Warren Gerds/Critic at Large: Review: ‘Memphis’ uplifting

Warren Gerds/Critic at Large: Review: ‘Memphis’ uplifting

Appleton’s PAC is host to the energy-charged touring musical.

PHOTO: Joey Elrose and Jasmin Richardson star in the production of “Memphis” playing at Fox Cities Performing Arts Center.

APPLETON, Wis., (WFRV) – Singing soars and dancing is hot in “Memphis.” And there’s more: It’s a tale of struggle in the face of segregation in the South.

Time was, this musical would be too hot to handle for America. Now, it is a voice of inspiration and hope.

The show walks the fine line between being preachy and being entertaining. It lifts the spirit.

A vibrant (4½ stars out of 5) production of the musical re-launched a national tour Tuesday night at Fox Cities Performing Arts Center. Performances continue through Sunday, Oct. 20. Info: www.foxcitiespac.org.

Firecrackers lace the cast.

Jasmin Richardson, RaMond Thomas and Avoince Hoyles fuel key songs with impassioned feeling. Those songs leap past showbiz and find meaning.

The story is based on reality, with abundant artistic liberties: A radio disc jockey dares to play “race” music on the air in 1950s Memphis, Tennessee.

Huey Calhoun is white, illiterate and rough around the edges. He taps into music he’s heard in a club on Beale Street, where his presence is met by bared teeth. He’s the only white person there. Huey bungles through positions in a department store to record-department success and onto the airwaves, where brings a-live music to a larger world. Huey is drawn to the luster of Felicia, a voice and a person. Interracial love drives some of the drama.

Memphis” is a bit of a history lesson. The show re-visits times of open racial prejudice. It uses the “N word,” which was met by a gasp on opening night. (That was extremely interesting).

In performance, Joey Elrose digs into the blindingly naïve drive of Huey. He explores the huge complexities of the strangely sympathetic part, which doesn’t require the greatest singing voice (others are all around). His “Tear Down the House” is filled with frayed emotion.

Jasmin Richardson is Felicia, a star to be. Richardson lights up such songs as “Love Will Stand When All Else Fails” and “Colored Woman” and radiates strength in Felicia’s love for Huey and her desire to rise above a beating by thugs.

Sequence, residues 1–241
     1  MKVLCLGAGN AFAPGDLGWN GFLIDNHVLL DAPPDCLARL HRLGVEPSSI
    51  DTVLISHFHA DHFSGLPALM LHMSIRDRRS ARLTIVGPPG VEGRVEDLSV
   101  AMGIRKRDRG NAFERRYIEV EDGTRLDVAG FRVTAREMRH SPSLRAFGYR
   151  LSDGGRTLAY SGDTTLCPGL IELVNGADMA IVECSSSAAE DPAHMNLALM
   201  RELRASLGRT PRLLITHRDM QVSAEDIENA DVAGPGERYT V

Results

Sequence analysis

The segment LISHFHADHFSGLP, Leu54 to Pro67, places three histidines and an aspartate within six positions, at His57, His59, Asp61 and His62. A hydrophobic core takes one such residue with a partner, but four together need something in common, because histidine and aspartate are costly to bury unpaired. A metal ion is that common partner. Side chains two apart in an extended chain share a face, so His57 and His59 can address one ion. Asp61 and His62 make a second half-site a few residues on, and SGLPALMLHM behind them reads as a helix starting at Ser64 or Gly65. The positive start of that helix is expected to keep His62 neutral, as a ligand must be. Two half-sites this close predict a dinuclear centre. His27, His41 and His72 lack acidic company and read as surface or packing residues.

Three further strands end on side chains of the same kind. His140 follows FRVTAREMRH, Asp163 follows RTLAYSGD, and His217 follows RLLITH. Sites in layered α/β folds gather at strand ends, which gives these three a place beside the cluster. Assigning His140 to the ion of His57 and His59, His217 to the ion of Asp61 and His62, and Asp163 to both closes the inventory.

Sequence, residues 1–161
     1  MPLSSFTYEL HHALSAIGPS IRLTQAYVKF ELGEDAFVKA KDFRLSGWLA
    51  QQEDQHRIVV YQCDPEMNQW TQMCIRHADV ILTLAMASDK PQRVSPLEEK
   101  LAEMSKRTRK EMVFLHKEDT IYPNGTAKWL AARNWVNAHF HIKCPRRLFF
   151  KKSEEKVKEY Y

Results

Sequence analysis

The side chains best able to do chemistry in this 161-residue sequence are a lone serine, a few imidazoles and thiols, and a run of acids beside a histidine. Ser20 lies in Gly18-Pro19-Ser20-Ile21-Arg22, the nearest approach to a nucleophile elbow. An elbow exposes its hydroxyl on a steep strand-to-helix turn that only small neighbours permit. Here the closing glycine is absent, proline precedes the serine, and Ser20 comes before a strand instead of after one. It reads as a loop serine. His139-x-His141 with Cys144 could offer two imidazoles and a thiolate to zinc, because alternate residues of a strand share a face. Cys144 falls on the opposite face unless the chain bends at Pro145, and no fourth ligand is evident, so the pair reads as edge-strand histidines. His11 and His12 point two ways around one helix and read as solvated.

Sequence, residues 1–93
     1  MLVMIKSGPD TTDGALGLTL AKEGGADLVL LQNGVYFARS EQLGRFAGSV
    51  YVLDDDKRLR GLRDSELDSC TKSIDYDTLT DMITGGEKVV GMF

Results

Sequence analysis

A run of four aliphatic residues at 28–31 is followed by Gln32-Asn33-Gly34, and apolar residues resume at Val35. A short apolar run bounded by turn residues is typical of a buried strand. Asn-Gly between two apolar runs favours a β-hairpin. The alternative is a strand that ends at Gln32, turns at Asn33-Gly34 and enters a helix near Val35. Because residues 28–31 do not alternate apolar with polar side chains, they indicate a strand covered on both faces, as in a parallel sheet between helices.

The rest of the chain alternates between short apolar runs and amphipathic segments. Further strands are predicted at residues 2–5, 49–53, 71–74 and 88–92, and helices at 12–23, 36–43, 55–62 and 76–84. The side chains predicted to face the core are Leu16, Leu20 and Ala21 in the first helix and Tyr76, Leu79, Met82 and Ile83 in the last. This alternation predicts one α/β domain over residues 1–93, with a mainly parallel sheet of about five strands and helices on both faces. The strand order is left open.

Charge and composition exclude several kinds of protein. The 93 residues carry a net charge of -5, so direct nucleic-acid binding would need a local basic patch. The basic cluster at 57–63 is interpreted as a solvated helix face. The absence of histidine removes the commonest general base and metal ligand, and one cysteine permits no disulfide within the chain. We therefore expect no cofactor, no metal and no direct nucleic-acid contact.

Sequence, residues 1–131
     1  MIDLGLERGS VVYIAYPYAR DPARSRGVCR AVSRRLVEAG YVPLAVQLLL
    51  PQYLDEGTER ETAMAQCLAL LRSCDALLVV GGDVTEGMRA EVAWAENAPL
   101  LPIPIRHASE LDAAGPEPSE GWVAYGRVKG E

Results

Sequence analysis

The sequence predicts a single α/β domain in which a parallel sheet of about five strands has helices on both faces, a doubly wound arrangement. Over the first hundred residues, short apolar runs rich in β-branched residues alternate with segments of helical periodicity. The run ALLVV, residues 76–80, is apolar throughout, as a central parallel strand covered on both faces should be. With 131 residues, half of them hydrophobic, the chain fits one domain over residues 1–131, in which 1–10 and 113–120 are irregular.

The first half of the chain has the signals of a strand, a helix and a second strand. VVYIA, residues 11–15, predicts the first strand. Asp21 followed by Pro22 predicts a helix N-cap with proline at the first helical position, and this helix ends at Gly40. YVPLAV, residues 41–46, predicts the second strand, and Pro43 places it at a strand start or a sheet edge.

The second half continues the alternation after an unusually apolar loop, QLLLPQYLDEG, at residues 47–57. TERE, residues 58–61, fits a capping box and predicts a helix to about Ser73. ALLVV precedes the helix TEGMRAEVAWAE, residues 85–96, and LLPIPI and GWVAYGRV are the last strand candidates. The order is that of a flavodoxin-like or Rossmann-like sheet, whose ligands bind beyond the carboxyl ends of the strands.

Richardson is not the only performer in this company to deliver wowing vocals.

RaMond Thomas plays Felicia’s brother, who is pure grit and anger in “She’s My Sister.”

Avionce Hoyles is Gator, a character rendered speechless by a horror who becomes a beacon for reason in the profound “Say a Prayer.”

Jerrial T. Young is the steady Bobby, who wears many hats as a side character and explodes into dazzling dance moves in “Stand Up.”

Pat Sibley has a wonderful character role as Mama, who is dismayed and increasingly alarmed by things Huey does. At first, she’s a dumpy woman whose world is solely black and white. Eventually, she’s a person found and a delight in the motivating “Change Don’t Come Easy.”

Production-wise, the show clicks as it moves from department store to radio station to nightclub to Huey/Mama’s house to TV studio, etc. Behind the backdrop is a feisty band (the trumpeter of which shoots up a rocket note as the audience departs). Ensemble dancers erupt.

The songs are original to the musical. That means instead of bringing back the songs that were the real hits of the ’50s, the creators came up with new music and songs to better able the performers reach in to the soul of their characters.

The book and lyrics are by Joe DiPietro and music and lyrics by David Bryan. Working from a (“gee, how did that happen?) concept by George W. George, the talent of DiPietro and Bryan led this show to earning a Tony Award as best musical on Broadway.

Tuesday night’s performance earned a standing ovation. In part, that was for appreciation of seeing a highly motivated company.

ADDED EVENT: A discussion will explore the diversity themes found in “Memphis.” Led by Fox Cities Rotary Multicultural Center. All ages. Free. Harmony Café, 233 E. College Ave., 4-5 p.m. Thursday, Oct. 17.

VENUE: Thrivent Financial Hall is the main theater of Fox Cities Performing Arts Center on College Avenue in downtown Appleton. The capacity is 2,072. The seating area is in the shape of a horse shoe, with three balconies following the shape. The stage is 60 feet across and 40 feet high. The décor features Veneciano plaster walls with dark-stained cherry wood. In the oval dome ceiling is a 65-foot long chandelier that is reminiscent of the Art Deco era. The design includes ruby inserts in the opaque cream-colored glass. Flowing along the walls are parallel metal pipes as if of a musical instrument. The lobby area consists of lots of geometrics, glass and, on the ground level,   a feeling of openness and spaciousness. The exterior of the gray building features gentle curves. A large glass skylight is reminiscent of a human eye.

You may email me at warren.gerds@wearegreenbay.com. Watch for my on-air features on WFRV at 6:45 p.m. Thursdays and every other Sunday between 6 and 8 a.m. (usually around 7:45 a.m.)

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